Valorant is all about being tactical. Playing as a team will always improve your chances of winning, but to play as a functional team, you will need to understand all the Valorant terms players use today.

If you’re totally new to playing Valorant, here is a guide to some of the easiest yet most important Valorant terms, terminology, calls, and comms you need to know in order to communicate effectively with your teammates.

What are Valorant terms?

Valorant terms or terminology include different types of acronyms and slang players have grown accustomed to using.

These Valorant terms come with their own unique descriptions which speed up how players pass on information while they play the game.

This list of Valorant terms, terminology, calls, and comms will be updated over time. The game is constantly evolving as new Valorant terms are introduced by Riot Games and the community, alongside each new agent and map release.

Valorant game terminology

AceWhen one player gets five or six kills in a single round.
Team AceWhen each player from the winning team scores a kill against the opposing team.
FlawlessA round where no one from the winning team died.
ClutchThe last player alive wins the round for his team.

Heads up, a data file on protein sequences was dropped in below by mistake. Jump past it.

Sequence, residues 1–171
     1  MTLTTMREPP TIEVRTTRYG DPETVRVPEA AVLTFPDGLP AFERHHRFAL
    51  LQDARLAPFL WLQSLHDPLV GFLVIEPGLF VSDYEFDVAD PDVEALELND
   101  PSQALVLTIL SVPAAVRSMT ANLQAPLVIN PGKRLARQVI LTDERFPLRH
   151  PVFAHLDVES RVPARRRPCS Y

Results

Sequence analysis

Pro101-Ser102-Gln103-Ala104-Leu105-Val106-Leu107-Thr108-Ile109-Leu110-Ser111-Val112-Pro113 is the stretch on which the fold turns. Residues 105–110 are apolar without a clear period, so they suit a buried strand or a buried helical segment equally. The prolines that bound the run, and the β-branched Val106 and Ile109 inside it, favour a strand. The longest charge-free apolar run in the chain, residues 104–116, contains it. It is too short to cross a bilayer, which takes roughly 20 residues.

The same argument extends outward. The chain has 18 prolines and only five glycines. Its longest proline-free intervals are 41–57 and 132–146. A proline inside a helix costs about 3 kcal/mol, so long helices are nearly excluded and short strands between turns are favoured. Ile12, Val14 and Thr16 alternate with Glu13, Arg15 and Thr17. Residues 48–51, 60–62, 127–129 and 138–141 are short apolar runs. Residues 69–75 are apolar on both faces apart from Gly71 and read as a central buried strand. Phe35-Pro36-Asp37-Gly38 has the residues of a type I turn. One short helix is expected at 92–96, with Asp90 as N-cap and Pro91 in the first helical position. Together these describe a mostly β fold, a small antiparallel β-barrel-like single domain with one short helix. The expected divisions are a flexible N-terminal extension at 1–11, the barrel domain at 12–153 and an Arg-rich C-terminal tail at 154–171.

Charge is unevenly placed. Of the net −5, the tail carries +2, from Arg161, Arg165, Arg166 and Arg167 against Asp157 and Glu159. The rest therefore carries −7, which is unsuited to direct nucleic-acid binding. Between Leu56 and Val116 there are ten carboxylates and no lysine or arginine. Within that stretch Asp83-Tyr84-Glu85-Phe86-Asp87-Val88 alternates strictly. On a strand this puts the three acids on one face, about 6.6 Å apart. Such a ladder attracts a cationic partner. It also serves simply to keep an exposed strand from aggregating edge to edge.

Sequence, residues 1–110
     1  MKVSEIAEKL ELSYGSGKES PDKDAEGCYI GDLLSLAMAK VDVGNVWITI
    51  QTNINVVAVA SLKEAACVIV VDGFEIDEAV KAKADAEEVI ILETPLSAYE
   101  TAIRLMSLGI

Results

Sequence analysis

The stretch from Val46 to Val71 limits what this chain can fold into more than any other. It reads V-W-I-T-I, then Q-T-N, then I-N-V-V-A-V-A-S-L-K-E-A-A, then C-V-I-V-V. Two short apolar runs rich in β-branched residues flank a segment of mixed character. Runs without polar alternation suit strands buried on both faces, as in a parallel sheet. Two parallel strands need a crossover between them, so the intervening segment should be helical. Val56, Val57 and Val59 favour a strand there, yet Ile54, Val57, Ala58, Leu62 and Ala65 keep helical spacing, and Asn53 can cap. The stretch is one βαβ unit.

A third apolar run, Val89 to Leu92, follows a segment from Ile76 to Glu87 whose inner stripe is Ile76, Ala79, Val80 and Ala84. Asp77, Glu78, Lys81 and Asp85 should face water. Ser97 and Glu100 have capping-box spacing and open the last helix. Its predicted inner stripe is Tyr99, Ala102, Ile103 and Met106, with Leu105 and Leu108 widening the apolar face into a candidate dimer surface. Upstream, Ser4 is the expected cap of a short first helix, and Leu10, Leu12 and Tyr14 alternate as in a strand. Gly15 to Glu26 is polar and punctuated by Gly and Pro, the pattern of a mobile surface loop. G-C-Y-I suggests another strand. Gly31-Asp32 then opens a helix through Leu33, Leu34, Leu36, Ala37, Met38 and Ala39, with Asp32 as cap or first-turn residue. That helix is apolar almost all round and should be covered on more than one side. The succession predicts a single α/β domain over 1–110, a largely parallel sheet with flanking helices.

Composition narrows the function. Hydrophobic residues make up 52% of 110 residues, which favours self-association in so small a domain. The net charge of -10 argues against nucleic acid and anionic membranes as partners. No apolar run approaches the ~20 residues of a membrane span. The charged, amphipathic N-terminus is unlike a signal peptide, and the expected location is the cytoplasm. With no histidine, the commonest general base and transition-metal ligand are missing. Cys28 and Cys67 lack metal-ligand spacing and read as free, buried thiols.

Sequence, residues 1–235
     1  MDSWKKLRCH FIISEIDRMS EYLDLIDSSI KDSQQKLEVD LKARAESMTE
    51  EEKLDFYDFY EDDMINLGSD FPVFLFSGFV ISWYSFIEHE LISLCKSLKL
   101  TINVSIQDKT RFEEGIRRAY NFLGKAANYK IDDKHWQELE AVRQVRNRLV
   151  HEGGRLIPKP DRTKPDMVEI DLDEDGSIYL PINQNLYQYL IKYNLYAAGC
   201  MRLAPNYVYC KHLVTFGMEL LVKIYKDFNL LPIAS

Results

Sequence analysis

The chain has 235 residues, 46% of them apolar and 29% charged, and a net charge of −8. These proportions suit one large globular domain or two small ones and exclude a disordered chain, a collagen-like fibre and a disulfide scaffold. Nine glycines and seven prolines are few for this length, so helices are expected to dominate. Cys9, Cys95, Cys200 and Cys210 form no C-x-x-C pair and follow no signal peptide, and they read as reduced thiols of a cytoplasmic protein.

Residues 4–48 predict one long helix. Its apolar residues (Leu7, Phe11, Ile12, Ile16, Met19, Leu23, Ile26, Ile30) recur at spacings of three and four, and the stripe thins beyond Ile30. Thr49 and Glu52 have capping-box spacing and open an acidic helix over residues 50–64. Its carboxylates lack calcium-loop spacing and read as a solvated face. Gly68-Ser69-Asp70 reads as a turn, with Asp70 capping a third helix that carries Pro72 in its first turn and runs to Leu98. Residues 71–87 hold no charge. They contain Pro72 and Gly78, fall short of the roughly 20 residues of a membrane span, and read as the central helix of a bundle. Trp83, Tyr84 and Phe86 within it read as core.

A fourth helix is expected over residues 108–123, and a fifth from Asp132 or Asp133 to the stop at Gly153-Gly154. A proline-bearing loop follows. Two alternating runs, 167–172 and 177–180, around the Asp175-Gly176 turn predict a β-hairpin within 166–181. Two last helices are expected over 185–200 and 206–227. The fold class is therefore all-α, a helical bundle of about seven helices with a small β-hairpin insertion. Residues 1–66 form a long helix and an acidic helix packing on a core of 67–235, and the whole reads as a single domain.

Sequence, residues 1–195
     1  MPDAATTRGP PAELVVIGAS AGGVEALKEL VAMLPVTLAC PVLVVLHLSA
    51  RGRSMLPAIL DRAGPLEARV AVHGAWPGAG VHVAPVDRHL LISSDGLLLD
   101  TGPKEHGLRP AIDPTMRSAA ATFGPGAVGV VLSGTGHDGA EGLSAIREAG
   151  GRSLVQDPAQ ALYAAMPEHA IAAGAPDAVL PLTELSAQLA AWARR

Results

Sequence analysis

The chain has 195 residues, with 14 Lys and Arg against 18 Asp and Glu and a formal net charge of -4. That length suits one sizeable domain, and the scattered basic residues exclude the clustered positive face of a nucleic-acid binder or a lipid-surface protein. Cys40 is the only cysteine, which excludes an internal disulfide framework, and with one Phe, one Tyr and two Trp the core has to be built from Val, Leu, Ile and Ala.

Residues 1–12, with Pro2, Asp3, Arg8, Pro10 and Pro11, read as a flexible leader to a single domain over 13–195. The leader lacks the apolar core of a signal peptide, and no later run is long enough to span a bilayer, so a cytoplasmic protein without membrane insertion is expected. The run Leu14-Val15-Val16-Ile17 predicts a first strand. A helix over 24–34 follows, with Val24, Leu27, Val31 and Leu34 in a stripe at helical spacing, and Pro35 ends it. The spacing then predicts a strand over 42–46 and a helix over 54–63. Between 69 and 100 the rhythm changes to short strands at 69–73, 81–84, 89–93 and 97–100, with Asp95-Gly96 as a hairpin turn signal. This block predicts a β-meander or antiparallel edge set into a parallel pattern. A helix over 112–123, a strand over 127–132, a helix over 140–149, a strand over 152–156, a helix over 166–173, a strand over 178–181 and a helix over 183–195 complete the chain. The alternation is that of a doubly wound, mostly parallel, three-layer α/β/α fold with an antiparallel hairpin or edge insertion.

ThriftyThe winning team spends about 2,500 fewer credits than their opponents.
BuyThe act of purchasing what you need before the start of a round.
DropBuying a weapon for a teammate from the buy menu.
OrbsSpherical objects that players obtain on the map which charges up their Ultimate ability.
ShieldsThese increase the total health of a player and are identical to body armor in other shooter games.
SpikeValorant’s central object which players need to plant or defuse in order to win the round.

Valorant terms: Map location calls

Back siteA location inside the spike site that is closest to the Defender Spawn.
HeavenA high-ground spot that gives a high vantage point.
HellDirectly located under Heaven.
MainA neutral portion of the map in between a spike site and attacker spawn.
LongA long walkway or passage found in between the attacker’s and defender’s spawns.
ShortA short walkway or passage found in between the attacker’s and defender’s spawns.
CubbyA small section or deep corner where players can hide.
LinkA short walkway that serves as a connector between two spike sites.
MidThe middle portion of the map.
SpawnWhere the attackers and defenders start out the round.